Criterion Group plans 170K-sf industrial building in LIC

After eight years of starts and stops, Shibber Khan’s firm is ready to build in Queens

Criterion Group's Shibber Khan and 22-09 Queens Plaza North (Criterion Group, Illustration by Kevin Cifuentes for The Real Deal)
Criterion Group's Shibber Khan and 22-09 Queens Plaza North (Criterion Group, Illustration by Kevin Cifuentes for The Real Deal)

After a rocky courtship that led to a lawsuit, a near-divorce and an $80 million price tag, Shibber Khan’s Criterion Group is ready to settle down with 22-09 Queens Plaza North.

The industrial and multifamily firm submitted plans to build a 170,000-square-foot industrial building on the Long Island City plot near Queensbridge Park, which it first began pursuing in 2014.

Once completed, the building will stand 65 feet tall and have four loading berths. Its projected floor-area ratio is just 1.52, well below the zoned maximum of 5.0. The main floor will be used for manufacturing, with two upper floors for “business and service,” according to a filing with the Department of Buildings last week. The job will cost an estimated $25.5 million, the plans show.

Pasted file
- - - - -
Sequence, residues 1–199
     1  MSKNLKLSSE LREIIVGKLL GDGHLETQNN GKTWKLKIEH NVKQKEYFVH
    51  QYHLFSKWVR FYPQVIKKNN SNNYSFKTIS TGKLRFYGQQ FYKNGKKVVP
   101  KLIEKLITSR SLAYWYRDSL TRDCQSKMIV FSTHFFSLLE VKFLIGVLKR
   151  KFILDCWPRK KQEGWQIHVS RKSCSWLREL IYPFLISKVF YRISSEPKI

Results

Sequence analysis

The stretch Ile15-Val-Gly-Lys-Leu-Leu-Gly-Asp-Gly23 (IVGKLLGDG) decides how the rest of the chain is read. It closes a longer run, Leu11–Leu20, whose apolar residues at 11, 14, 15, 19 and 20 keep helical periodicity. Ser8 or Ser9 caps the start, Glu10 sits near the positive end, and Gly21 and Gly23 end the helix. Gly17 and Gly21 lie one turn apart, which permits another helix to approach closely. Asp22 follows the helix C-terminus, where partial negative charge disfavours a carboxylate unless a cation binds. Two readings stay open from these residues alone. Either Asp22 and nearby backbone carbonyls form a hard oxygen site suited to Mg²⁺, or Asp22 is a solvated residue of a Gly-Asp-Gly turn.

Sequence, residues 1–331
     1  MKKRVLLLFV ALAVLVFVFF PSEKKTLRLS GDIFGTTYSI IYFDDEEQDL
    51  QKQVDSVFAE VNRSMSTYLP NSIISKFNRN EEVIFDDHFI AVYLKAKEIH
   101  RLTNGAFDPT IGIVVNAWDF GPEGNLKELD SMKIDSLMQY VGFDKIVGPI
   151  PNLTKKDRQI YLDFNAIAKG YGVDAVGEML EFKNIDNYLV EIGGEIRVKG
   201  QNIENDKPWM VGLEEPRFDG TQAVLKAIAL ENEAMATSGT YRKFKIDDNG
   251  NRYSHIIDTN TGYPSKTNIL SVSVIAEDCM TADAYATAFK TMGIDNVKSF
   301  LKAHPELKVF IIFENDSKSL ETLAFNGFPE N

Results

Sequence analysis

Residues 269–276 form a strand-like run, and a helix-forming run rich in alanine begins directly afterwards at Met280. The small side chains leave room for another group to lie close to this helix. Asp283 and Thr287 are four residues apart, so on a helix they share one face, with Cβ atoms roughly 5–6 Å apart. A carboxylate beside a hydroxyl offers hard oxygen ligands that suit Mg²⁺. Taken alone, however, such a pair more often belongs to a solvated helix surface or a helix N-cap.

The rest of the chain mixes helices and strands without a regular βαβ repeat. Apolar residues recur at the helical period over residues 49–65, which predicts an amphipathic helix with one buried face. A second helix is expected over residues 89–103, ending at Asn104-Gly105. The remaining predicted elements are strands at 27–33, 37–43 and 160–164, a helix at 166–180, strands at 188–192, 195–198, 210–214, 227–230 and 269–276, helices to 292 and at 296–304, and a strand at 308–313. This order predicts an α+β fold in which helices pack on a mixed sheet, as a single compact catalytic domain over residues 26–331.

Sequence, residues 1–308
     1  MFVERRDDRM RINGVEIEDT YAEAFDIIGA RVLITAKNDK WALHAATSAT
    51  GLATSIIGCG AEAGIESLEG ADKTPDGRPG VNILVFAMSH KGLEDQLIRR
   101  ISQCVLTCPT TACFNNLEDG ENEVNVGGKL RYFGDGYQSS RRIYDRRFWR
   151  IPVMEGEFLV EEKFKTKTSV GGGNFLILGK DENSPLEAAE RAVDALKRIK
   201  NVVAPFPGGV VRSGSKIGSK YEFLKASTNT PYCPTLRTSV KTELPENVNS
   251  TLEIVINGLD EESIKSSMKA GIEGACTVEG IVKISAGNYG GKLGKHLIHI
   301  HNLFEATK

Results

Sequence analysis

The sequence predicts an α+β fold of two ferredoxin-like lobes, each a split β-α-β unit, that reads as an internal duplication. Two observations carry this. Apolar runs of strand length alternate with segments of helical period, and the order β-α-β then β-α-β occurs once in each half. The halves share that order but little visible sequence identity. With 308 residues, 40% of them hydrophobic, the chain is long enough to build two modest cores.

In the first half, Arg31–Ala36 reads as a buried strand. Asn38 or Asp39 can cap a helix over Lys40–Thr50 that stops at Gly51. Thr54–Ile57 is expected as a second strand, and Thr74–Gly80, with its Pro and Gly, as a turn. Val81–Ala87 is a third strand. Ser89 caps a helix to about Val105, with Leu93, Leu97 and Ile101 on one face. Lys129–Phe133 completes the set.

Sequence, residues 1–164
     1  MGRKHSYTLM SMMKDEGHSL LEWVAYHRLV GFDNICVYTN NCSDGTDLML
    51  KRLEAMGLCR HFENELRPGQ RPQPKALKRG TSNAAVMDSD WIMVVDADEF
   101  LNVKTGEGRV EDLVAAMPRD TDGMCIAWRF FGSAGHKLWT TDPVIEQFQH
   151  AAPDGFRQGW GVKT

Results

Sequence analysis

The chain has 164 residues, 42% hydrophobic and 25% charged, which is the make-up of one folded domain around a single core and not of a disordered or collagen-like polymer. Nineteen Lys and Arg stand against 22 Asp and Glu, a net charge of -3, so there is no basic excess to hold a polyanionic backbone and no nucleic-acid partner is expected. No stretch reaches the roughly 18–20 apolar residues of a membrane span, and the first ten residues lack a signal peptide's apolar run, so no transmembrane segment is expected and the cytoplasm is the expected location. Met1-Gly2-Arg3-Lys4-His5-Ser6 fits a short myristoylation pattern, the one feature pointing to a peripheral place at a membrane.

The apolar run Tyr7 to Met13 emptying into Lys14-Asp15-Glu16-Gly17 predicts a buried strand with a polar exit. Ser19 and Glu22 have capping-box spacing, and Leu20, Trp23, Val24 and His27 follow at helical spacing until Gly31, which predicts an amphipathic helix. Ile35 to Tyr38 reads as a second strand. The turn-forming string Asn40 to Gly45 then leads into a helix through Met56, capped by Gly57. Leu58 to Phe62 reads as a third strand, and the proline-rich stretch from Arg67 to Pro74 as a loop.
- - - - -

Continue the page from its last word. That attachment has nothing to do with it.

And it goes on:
Criterion had previously mulled a residential development on the property, but never secured the necessary rezoning. The city reportedly told the firm to withdraw its rezoning request for the site in 2015, as City Planning was already conducting a neighborhood-wide study of zoning regulations. But the city’s comprehensive plan fell through in 2017, and the parcel remains zoned for light industrial use, according to city maps.

Still, offices, hotels and retail uses are allowed in the land’s zoning class — but with industrial space in high demand, Criterion appears to be taking the bird in its hand.

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Khan’s firm first moved to buy the land in 2014 for $70 million, with a stipulation to increase the price to $80 million if it secured a rezoning to allow residential development on the plot. The seller, PEC Realty Corporation, sued in 2017 to cancel the deal.

Under the impression that a rezoning was imminent, the seller understood the land was worth much more as a residential project, and wanted to back out of the sale because Criterion itself hadn’t initiated the change. A judge dismissed the suit two years later, and Criterion was allowed to proceed with the acquisition for the higher $80 million price.

Based in Astoria, Queens, Criterion owns a smattering of industrial properties up and down the East Coast. The firm didn’t immediately respond to requests for comment.

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